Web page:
Thoughts on painting - 2D vs 3D.

In the real world, I'm a painter (of pictures) by training and by profession and I sometimes have a bit of difficulty in translating one style of painting (2D) to another (3D) and thought it may be fruitful to talk about some of those issues here.

There are certain tricks and methods that one employs when painting a picture so that a 2D image of lines and blurs and colour, etc, start to deceive the eyes so they begin to look like a 3D object. However, when you're painting a miniature, the 3D object is already there in front of you - any highlights and shadows are already present on the miniature by the way light falls on it.

However, there's a real trend in miniature painting to almost pretend that the miniature is a flat, 2D surface and assume that the light source on the object is fixed (ie, coming at the model from one direction, making that side of the miniature brighter than the other side). This reached fever pitch with the utilisation of object source lighting whereby the light source itself
is modeled on to the miniature (a torch, a light, etc) so really emphasise where the light was coming from, or to introduce an additional light source to the primary one. The excellent Victoria Lamb is the real champion of this and her dioramas work beautifully with OLS:

Now, this works really well for a diorama as it introduces an element of drama, or for a miniature where there is an object that gives off light integral to it's design (for example, a torch). Yet, I'm not quite sure that I've ever felt entirely easy with it's introduction on to all miniatures - or I suppose, rather, I don't quite understand it. By painting extreme highlights on to a miniature and ergo fixing the light source of the miniature, you're sort of denying it's 3D nature. When the object's in a room, the light source will come from several directions (the light bulb, windows, etc) but you're adamantly stating (through the paint) that the light is only coming from one direction.

NMM does the same thing - by painting the reflections and highlights on to the metal, again, you're fixing the direction of the light source, even though that light source will change entirely with every differing context that you take the miniature in to.

This is reaching new heights with a technique that's quickly becoming popular with wargaming painters and has been popular with historical/tank painters for some time: zenithal lighting. This involves leaving the miniature in one place, undercoated black, and then, using an airbrush, spraying from a fixed angle (usually about 200 degrees clockwise from the feet of the miniature, so coming from the NE, if you imagine compass points around the miniature) in ever increasing tones from slightly further away with each spray. You get a very graduated tonal change, which looks very naturalistic, and all the areas that haven't been caught by the paint form very dark shadows. It can be a lovely technique but again relies entirely on the painter stating that this imaginary light source is the only light source and ignoring the very 3D nature of the sculpt.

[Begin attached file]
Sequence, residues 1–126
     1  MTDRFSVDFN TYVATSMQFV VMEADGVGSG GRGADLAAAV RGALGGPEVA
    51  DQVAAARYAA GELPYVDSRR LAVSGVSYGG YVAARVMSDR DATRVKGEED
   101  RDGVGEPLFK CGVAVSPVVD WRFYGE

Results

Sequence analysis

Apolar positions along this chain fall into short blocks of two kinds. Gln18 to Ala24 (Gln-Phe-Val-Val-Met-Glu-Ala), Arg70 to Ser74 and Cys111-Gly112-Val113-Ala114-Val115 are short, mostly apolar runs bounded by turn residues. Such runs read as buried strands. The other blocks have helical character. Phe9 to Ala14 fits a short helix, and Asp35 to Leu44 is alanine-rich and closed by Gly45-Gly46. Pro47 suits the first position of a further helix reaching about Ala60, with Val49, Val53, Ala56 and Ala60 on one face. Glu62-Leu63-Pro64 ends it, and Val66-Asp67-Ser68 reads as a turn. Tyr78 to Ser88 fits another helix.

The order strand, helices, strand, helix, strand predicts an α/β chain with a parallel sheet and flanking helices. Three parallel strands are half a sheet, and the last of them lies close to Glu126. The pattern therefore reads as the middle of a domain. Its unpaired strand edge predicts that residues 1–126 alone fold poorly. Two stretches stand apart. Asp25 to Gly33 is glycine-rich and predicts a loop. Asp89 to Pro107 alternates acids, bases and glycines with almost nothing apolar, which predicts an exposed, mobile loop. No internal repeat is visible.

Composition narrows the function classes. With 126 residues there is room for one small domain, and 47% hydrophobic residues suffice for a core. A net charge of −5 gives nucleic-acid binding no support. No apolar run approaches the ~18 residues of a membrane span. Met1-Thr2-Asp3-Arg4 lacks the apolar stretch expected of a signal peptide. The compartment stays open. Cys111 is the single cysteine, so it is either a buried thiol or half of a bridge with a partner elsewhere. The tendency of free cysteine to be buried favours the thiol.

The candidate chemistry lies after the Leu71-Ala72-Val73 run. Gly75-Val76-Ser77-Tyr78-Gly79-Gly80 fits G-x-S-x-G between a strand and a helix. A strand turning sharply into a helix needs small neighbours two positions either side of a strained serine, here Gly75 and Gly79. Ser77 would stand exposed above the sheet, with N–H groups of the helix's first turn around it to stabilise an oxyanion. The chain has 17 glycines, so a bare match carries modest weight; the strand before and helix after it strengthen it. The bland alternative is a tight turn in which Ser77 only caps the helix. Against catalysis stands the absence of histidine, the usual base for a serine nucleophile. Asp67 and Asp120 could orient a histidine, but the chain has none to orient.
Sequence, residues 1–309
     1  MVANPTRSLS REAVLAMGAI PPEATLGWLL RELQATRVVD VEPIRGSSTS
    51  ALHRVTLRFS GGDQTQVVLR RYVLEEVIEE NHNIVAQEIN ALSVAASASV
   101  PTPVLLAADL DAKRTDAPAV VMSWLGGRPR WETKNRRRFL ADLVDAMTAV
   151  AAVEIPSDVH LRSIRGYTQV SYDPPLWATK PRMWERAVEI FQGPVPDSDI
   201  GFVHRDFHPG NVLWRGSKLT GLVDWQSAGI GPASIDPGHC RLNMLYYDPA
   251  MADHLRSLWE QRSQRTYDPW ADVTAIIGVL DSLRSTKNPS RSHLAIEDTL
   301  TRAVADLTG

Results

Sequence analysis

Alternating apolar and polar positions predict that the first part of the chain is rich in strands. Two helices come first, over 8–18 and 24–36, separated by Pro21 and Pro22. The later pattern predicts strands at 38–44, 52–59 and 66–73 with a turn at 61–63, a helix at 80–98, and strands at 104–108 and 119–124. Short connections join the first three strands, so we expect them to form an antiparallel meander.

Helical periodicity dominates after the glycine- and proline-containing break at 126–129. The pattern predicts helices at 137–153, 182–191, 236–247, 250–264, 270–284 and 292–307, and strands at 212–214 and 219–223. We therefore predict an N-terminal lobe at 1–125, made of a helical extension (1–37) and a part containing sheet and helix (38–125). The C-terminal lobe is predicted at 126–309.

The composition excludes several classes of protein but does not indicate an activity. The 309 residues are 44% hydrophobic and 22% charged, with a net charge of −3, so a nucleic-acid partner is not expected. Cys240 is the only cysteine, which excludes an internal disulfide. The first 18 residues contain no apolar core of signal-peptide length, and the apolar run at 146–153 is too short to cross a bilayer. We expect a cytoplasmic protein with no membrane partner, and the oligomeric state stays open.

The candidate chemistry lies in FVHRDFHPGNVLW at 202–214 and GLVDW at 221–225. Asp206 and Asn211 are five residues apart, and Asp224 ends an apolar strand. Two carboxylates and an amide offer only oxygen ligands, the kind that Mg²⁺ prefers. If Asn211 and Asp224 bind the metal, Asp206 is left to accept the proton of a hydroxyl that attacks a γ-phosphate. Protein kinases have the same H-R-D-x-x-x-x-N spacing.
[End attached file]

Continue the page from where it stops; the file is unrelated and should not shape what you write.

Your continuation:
Now, I find that a bit weird - and these techniques aren't something that I ever really use when I'm painting a miniature. My style, such as it is, is very old fashioned. I tend to rotate my miniature as I'm painting it under a lamp and paint each area to try to make them look as if they were a 'real' object in space - so cloth looks like cloth from all directions (it's integral folds define where highlights, mid-tones and shadows fall). I want to be able to take my miniature into any setting and for it to look 'right' wherever the light is coming from.

I'm wondering if I should change this and start introducing some of the more 'painterly' techniques that I would utilise in 2D painting into my miniature painting. How painterly can miniature painting become whilst still remaining miniature painting?

1 comment:

  1. I'm no big fan of source lighting, NMM and similar techniques, since the illusion often is ruined when looking at it from another angle than the most optimal.

    I paint my miniatures to be playable, not to be looked at and admired from one direction only.

    Thie being said, I think there is a lot of inspitation you can use as well.
    A sword with painted reflections often can look really good if you don't over do it.
    And a unit in WFB, with some torches and OSL can look splendid as well.

    2D techniques can and should be used to enhance the 3D model, but alwaus beware, not to let it take over to much and ruing the 3D-effect when looking from another direction.